Like most multinationals, H&M exploited cheap labor. Their USP still remains fast moving fashion at reasonable prices. Only the clothes that they sell have a bad history of awful labor practices. They are apparently the largest single buyers of Bangladeshi garments. As per their sustainability report, they have 340 suppliers in the Far East, 242 in South Asia compared to 203 in Europe, the Middle East, and Africa.
They have been known to exploit underaged children for production.
#6. Hugo Boss
There was a time when Hugo Boss’s factory was going under. However, he made an agreement with the creditors and started again. The brand that is today known for premium clothing and accessories exploited its Nazi ties. Hugo Boss became a member of Nazi party, German Labour Front in 1936, the Reich Air Protection Association in 1939. Soon he started making considerable profits.
Oh and Hugo Boss also made uniforms for Hitler’s troops.
Dr. John Harvey Kellogg, the creator of the cornflakes that is a part of our breakfast did not really care about your healthy breakfast habits. In fact, the Kelloggs has nothing to do with your nutrition. Kellogg wanted to discourage young people from masturbating and enjoying sexual intercourse and/or attraction.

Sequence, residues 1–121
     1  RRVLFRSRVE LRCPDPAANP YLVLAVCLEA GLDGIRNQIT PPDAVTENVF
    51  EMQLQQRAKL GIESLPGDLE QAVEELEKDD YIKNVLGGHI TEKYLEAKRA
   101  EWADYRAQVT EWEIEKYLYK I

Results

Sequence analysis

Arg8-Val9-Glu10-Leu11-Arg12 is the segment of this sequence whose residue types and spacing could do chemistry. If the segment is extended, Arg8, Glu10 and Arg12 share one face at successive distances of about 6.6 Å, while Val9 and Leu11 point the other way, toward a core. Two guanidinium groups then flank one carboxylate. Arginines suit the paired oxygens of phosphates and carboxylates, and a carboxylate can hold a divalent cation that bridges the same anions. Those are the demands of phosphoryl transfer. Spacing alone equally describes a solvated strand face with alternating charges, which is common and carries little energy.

His obsession with abstinence was so much that he advocated circumcision in young boys and applying phenol to a young woman’s clitoris.
Wondering how this all relates to the harmless cornflakes? Well, he thought the breakfast cereal would be boring enough not to excite anyone. He thought right; the dude was pretty delusional.
Yes, Coca-cola is bad for you. However, it is not as bad as it would have been when it was invented. Coca-cola was invented as a medicine. John Pemberton was a huge fan of morphine. After his stint with the Civil War in the 1880s, he made it his mission to make a magic medicine that would cure it all. He created Pemberton’s French Coca Wine. It was supposed to refresh you, quench your thirst and also arouse you.
The ingredients included naturally occurring cocaine from the coca leaves. This natural cocaine lasted longer. The drink was later renamed to Coca-Cola and was sold at local soda fountains.
#9. Coco Chanel
Before you share those fancy motivational quotes by Coco Chanel, know that she was possibly a horrible person. She was a Nazi spy and sympathizer. She used her personal relationships to launch her business. Her spy codename was Westminster. She was also anti-semitic and hated Jews.
She was never prosecuted because she claimed Churchill freed her. Had he not, her connections would expose the elite members of the society and the Royal family.
When the general Parisienne public was starving on the streets, she enjoyed the luxuries of the Ritz, because why starve when your lover can pay.
Shocked yet? I am definitely changing my buying preferences from here on. These won’t be on my list.
Feature Image: Source